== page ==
Microbes Could be the Answer to the World’s Growing Electronic Waste


Fifty years ago, the concept of smartphones, tablets and desktop computers populated science fiction novels, television shows and movies. As technology rapidly advanced over the last several decades, computing power increased exponentially as the internet became an integral component of everyday life. Now, people carry electronic devices more advanced than the computers NASA used to land man on the moon.

Each year, brands like Apple, Google, Amazon, Microsoft and Sony release their latest devices. These companies host flashy presentation events inviting exclusive Silicon Valley thought leaders and board members to watch as they highlight the reasons why consumers should drop hundreds of dollars on computers, phones and tablets with only slightly improved software and hardware. As people replace their existing devices with new ones more often than they did a decade ago, electronic waste (e-waste) significantly increased.

How big is the world’s e-waste problem?

The Bureau of Economic Analysis reported in 2017 that Americans spent $71 billion on communication and television equipment. That’s five times the amount U.S. consumers spent in 2010 when adjusted for inflation.

Research indicates that in 2019, the human race created 53.6 million tons of e-waste. On average, each person disposed of more than 16 pounds of e-waste. Models project that at the current rate of electronic device disposal, people will trash 74.7 million tons of e-waste in 2030.

What happens to e-waste?

Last year, people properly disposed of or recycled only 17.4 percent of their e-waste. Europe accounted for the highest e-waste recycling rate at 42.5 percent, followed by Asia at 11.7 percent, the Americas and Oceania tying at 9.4 percent and 8.8 percent for Africa. Those numbers mean that 82.6 percent of the e-waste generated in 2019 went unaccounted for and simply disappeared to locations unknown.

Why is e-waste toxic?

The electronic devices we love so much contain various toxic elements such as mercury, lead, cadmium, polybrominated flame retardants, barium and lithium. The plastic casings of electronic products also include the toxic material polyvinyl chloride. As these toys, phones and other devices collect in landfills and break down over time, they pose severe threats to the environment.

The obvious concern about e-waste is the sheer amount of it. Landfills around the world have hit capacity for trashed electronic devices. The more of these items that people toss out, the more we need outdoor space to use as landfills.

Additionally, the toxic metals in e-waste could create a significant problem with groundwater. As these gadgets decompose, these metals leech into the groundwater. Livestock and humans alike consume this contaminated groundwater. This dangerous water also finds its way into streams, rivers, lakes and oceans, creating larger problems that require costly, demanding solutions.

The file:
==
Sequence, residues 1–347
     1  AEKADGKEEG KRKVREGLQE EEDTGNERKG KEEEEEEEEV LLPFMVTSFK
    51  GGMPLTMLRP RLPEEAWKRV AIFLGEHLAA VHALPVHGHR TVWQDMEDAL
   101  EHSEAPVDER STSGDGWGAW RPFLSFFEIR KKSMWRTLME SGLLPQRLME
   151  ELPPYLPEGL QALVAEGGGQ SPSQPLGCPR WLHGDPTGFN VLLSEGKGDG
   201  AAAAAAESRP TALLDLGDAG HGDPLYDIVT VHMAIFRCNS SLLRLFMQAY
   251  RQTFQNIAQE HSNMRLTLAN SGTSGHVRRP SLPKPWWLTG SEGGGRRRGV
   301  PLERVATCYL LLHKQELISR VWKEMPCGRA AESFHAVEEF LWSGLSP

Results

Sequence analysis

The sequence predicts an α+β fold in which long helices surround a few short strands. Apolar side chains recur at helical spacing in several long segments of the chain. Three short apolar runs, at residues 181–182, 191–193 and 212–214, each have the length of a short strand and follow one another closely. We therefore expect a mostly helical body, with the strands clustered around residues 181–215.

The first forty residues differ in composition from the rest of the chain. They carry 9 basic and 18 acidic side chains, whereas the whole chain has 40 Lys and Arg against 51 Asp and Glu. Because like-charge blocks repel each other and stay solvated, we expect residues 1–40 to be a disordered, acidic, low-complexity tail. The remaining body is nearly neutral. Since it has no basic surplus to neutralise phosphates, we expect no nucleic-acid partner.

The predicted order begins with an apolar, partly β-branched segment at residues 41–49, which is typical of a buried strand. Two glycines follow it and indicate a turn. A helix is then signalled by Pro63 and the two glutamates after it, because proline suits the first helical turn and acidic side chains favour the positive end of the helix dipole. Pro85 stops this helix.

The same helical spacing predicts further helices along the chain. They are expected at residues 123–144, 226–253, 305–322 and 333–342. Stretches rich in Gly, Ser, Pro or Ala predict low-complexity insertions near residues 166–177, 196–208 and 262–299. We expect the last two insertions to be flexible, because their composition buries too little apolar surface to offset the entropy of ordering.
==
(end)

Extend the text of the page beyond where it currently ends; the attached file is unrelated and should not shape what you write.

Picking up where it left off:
Microbes to the rescue!

Unfortunately, pyrometallurgy and hydrometallurgy, the current methods for recycling e-waste, create toxic output such as gasses and effluent. They also demand numerous resources to recycle the various components of e-waste properly. That’s why many researchers started experimenting with e-waste reduction with the help of microbes.

Another phrase for microorganisms, microbes may hold the key to safely disposing of e-waste in the future via a process known as bioleaching. For decades, mining enterprises employed bioleaching to extract metals from ore. Scientists now believe this same process holds the solution for e-waste management, as it is a much greener option than current recycling methods.

In 2007, a team of environmental chemical engineers set about to solve this increasing problem with C. violaceum microbes. They began with trying to extract gold created by e-waste from ore. Seeing some success initially, the researchers created two new bacteria strains, which increased gold extra from 11 percent to 30 percent. Eventually, they were able to extra up 69 percent of gold from e-waste.

Currently, pyrometallurgy and hydrometallurgy extract nearly 100 percent of the precious metals found in e-waste, making it more effective than microbes. However, research continues into this solution, as it’s environmentally-friendly and doesn’t create additional waste, unlike existing recycling processes.

Safely disposing e-waste by preventing it

Given enough time and resources, scientists may find a way to safely dispose of e-waste without posing a threat to the health of the environments and ourselves. Until then, it’s up to us to minimize the e-waste we use as much as possible. We only have one planet to work with, and if we keep polluting it with our need for the latest devices, nothing will remain for future generations. Ensure broken or damaged electronics don’t end up in your regular trash bin and are instead recycled. Find ways to repurpose or repair these electronics, instead.

Evan DeMarco

Evan DeMarco is a leading sports medicine and nutrition expert, published author, public speaker and frequent guest on television, radio, and digital platforms.

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